There's been some debate about whether the US JIC is really a JIC at all. The UK JIC, for example, selects one currency for each channel and then periodically reassesses its choice and any competitors. The US JIC was formed specifically to support a multicurrency market, which means that it would not select one currency to rule them all, but instead is crafting standards for currency providers and common data resources. There's also been some drama with the JIC around who is and isn't participating. YouTube and Nielsen have both now had public disagreements with the JIC, but from my perspective, it seems like the sell side is so set on not going back to the way things were before with Nielsen, that they'll do just about anything to make sure the market supports more than one currency and the JIC is becoming core to that mission.

Marcus Johnson:

So the Joint Industry Committee is the JIC?

Evelyn Mitchell:

Yes.

Marcus Johnson:

I was hoping you were going to say that this one wasn't going to be most likely because that can't, [inaudible 00:10:02] use that as the acronym.

Evelyn Mitchell:

JIC.

Marcus Johnson:

Yeah, it just sounded too weird. We're going to have to change that. We'll figure something else out. So I want to get your take on a measurement related article. Olivia Morley of Adweek just wrote a piece titled, May the Best Attention Metric Win, and in it she notes that most agency leaders agree that established attention metrics would be better measurement alternatives to now common ad metrics like CPMs, impressions, reach and viewability. What to you was the most interesting part of her article around attention metrics?

Evelyn Mitchell:

What jumped out to me is that competitive differentiation among attention measurement providers, stands in the way of standardization, which in turn stands in the way of widespread adoption of attention metrics, and it's a tough position for these measurement providers to be in because in order to grow their businesses, they need to adhere to standards as they're developed, but then once attention is defined and everyone agrees on how to measure it, to continue growing, vendors have to retain parts of their methodology or value proposition that make them the best choice, and we're seeing a similar situation playing out on the TV currency side too. Standards allow for interoperability, but if everything is interoperable and we don't allow for any idiosyncrasies, what's the point of having multiple currencies at all? How can one currency provider be better for a specific advertiser if in the end they're all the same?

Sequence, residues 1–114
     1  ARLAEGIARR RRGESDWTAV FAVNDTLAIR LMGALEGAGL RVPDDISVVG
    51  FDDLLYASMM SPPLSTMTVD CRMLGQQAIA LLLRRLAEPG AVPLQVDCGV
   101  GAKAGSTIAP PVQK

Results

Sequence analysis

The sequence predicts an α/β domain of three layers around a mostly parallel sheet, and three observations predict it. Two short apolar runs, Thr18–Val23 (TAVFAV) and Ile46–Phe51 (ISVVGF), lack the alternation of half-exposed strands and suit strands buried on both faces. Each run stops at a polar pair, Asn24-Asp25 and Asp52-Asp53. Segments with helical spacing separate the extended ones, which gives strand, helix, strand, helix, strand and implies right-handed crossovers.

Marcus Johnson:

Yeah, that's a good point. Final question, what are two things advertisers should do today to prepare for this less than certain measurement future?

Evelyn Mitchell:

First, align internally. It is so important to know what your internal resources look like, what your goals are, who your audience is before you approach measurement vendors, and you may already be knees deep in these conversations with TV currency providers, but internal alignment is always going to strengthen your position in navigating change and second, dive into the fray. It is confusing and expensive, but the legacy Nielsen currency isn't long for this world, so even if it's just a measurement only test, assessing alternatives now will increase the chances of a smoother transition down the line, and we've talked mostly about TV currencies today, but both of these takeaways applied to measurement more broadly, like third party cookies and mobile ad IDs are also on the way out.

Marcus Johnson:

There are more to-dos in your full report. It's called Ad Measurement Trends, H1 2023. You can head to insiderintelligence.com to get the full reports. Other things advertisers should be doing today to prepare for the measurement future and plenty of other research as well around measurements, that's what we've got time for for today's lead. It's time of course for the halftime report. Evelyn, one takeaway from the first half, please.

Evelyn Mitchell:

We are still really in the thick of the test and learn stage with the currency overhaul in TV advertising as we are in the transition away from cookie-based measurement on the web, buckle up, because this is an ecosystem wide transition that involves massive infrastructural change on the buy and sell sides, which means we'll be tying up loose ends for years and the road to a resolution will be bumpy.

Marcus Johnson: